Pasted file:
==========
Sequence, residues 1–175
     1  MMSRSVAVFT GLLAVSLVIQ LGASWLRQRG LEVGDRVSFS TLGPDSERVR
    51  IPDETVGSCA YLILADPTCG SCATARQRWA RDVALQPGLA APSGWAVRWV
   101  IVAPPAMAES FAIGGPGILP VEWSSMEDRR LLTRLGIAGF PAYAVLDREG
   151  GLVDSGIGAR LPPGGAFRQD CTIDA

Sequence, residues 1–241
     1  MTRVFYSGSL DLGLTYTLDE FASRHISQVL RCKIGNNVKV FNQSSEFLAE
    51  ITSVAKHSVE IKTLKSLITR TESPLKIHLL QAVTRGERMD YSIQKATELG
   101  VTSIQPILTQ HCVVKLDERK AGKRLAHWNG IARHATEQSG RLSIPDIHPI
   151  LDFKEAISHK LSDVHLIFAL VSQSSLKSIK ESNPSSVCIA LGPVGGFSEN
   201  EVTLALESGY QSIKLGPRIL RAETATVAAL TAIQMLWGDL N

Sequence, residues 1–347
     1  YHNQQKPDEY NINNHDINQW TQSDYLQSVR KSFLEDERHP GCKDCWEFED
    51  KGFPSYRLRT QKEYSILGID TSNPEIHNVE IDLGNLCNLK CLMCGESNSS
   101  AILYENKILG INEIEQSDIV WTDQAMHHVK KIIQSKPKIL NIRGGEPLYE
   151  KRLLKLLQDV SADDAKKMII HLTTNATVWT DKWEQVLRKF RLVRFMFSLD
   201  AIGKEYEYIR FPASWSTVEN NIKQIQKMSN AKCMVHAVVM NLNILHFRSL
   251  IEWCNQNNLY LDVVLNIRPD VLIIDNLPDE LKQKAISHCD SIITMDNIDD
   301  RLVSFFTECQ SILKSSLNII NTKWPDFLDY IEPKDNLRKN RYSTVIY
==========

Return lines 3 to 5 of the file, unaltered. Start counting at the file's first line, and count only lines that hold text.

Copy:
    51  IPDETVGSCA YLILADPTCG SCATARQRWA RDVALQPGLA APSGWAVRWV
   101  IVAPPAMAES FAIGGPGILP VEWSSMEDRR LLTRLGIAGF PAYAVLDREG
   151  GLVDSGIGAR LPPGGAFRQD CTIDA